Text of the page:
On April 16, Comptroller of the Currency Thomas Curry spoke to attendees of the Consumer Electronics Show Government Conference, taking his concerns about banks’ vendor relationships and cybersecurity risks to potential third-party technology service providers. Comptroller Curry explained the banking system’s vulnerability to cyberattacks given its significant reliance on technology and telecommunications, and expressed particular concern about potential attacks on community banks. He reiterated several of the specific risk issues he recently discussed with community bankers. Comptroller Curry (i) outlined risks related to the consolidation of bank vendors; (ii) identified as a “special problem” banks’ reliance on foreign vendors, and cautioned banks to consider the legal and regulatory implications of where their data is stored or transmitted; and (iii) expressed concern about vendors’ access to important and confidential bank and customer data. He assured attendees that the OCC is not trying to discourage the use of third-party vendors, but in explaining the OCC’s particular focus on controls and risk management practices employed by vendors that provide services to banks and thrifts, Comptroller Curry advised vendors of the OCC’s authority under the Bank Service Company Act to issue enforcement actions and its authority to examine vendors designated as Technology Service Providers. He reported that banks have asked the OCC to more actively supervise critical service providers and stated that in working to protect the banking system the OCC will have to “look beyond individual financial institutions to the range of vendors and customers that have access to some part of its infrastructure and systems.”
On April 17, the CFPB issued a guide to completing the disclosure forms required by its November 2013 TILA-RESPA integrated disclosures rule, which generally applies to transactions for which a creditor or broker receives an application on or after August 1, 2015. The guide provides instructions for completing the Loan Estimate and Closing Disclosure and highlights common situations that may arise when completing the forms. The CFPB states in addition to serving as a resource to creditors, the guide also may assist settlement service providers, software providers, and other service providers. The disclosure forms guide follows the release last month of a small entity compliance guide, which summarizes the rule and highlights issues that small creditors, and their partners or service providers, might find helpful to consider when implementing the rule.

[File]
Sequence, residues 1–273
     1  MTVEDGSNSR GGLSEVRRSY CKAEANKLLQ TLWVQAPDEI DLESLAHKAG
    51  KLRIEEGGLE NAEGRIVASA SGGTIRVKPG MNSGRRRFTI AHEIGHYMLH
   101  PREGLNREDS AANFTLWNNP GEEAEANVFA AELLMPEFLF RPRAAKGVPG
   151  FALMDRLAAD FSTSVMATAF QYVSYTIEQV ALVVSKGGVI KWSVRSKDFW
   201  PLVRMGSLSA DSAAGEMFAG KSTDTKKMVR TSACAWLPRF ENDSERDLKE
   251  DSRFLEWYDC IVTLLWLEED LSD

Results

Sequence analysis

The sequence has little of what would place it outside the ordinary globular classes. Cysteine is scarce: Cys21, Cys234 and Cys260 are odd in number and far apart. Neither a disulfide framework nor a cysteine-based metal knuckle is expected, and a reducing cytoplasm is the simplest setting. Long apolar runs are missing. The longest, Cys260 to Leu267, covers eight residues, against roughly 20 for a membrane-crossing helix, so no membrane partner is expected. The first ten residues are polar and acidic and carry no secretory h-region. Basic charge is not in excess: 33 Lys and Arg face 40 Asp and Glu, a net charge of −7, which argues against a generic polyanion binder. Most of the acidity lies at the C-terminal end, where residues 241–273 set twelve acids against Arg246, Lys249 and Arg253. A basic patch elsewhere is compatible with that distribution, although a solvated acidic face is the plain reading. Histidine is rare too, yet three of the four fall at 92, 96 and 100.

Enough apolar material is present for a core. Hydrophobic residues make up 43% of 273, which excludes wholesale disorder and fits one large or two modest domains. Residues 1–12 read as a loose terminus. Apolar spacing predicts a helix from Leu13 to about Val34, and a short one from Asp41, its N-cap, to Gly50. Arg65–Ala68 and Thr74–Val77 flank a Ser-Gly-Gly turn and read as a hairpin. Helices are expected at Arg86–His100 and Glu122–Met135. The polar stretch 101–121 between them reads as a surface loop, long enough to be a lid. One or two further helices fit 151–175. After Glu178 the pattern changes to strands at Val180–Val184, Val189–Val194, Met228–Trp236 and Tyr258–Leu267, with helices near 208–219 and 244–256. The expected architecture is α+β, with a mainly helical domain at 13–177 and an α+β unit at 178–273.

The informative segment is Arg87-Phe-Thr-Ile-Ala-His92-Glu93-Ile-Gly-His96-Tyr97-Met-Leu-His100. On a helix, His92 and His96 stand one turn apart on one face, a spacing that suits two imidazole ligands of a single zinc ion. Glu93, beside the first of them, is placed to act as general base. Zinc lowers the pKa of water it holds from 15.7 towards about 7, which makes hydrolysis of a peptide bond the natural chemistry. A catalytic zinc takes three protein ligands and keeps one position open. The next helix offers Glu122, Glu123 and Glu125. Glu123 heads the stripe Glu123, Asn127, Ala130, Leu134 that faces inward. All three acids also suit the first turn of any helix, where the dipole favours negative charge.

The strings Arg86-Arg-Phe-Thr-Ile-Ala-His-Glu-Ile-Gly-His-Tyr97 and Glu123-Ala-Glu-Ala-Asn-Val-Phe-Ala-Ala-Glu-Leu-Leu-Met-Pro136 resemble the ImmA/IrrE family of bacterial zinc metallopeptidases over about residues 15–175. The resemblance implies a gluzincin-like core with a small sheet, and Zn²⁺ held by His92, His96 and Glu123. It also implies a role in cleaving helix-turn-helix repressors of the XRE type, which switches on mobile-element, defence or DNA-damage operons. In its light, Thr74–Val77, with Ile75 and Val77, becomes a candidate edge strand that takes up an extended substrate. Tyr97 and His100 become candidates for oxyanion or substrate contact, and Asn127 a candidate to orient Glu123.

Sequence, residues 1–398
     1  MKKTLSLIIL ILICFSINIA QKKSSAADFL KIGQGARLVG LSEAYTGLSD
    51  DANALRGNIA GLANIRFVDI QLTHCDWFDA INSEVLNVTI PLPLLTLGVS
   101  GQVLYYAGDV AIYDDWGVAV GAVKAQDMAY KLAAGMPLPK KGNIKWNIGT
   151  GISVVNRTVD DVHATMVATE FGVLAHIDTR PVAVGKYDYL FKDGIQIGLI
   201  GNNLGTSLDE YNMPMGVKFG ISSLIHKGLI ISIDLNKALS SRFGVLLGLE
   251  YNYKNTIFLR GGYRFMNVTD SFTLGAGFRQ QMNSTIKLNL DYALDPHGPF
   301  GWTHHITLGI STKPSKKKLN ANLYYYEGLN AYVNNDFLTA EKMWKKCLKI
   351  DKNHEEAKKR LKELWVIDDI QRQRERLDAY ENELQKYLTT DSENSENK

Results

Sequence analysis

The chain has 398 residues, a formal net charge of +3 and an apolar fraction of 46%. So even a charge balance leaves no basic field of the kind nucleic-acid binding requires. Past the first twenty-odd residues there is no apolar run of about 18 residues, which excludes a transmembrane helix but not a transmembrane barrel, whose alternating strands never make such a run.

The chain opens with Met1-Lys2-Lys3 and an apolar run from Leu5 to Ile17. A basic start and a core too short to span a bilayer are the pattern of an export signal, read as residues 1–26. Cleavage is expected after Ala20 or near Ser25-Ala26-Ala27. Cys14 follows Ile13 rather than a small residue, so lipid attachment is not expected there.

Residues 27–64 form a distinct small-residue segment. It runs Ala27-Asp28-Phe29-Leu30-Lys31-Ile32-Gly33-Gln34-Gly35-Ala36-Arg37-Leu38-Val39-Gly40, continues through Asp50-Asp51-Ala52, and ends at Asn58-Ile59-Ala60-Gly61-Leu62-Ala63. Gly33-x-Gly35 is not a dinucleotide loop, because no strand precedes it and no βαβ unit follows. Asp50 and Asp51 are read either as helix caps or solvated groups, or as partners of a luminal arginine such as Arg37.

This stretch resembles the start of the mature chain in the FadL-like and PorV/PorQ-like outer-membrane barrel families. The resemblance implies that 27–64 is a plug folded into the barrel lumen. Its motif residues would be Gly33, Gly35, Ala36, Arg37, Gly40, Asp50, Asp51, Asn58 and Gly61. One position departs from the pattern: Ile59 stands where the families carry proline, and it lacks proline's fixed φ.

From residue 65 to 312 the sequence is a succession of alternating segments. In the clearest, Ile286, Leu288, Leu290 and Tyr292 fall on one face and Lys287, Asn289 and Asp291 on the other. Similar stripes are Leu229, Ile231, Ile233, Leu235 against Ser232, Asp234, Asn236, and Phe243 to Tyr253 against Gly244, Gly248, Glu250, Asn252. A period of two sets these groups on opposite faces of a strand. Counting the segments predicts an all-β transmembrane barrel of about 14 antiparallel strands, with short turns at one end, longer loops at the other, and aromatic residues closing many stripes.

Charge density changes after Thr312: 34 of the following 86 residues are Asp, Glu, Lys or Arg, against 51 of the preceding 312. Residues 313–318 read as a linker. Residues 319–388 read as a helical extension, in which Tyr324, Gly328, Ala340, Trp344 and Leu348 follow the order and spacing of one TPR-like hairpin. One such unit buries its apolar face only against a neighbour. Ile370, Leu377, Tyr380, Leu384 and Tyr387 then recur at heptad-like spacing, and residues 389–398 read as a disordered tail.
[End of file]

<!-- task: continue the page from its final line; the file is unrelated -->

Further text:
On April 15, the SEC’s Office of Compliance Inspections and Examinations announced that it will be conducting cybersecurity examinations of more than 50 registered broker-dealers and registered investment advisers. The examinations will assess each firm’s cybersecurity preparedness and collect information about the industry’s recent experiences with certain types of cyber threats. Specifically, examiners will focus on (i) cybersecurity governance; (ii) identification and assessment of cybersecurity risks; (iii) protection of networks and information; (iv) risks associated with remote customer access and funds transfer requests; (v) risks associated with vendors and other third parties; (vi) detection of unauthorized activity; and (vii) and experiences with certain cybersecurity threats. The SEC included with the announcement a sample document and information request it plans to use in this examination initiative.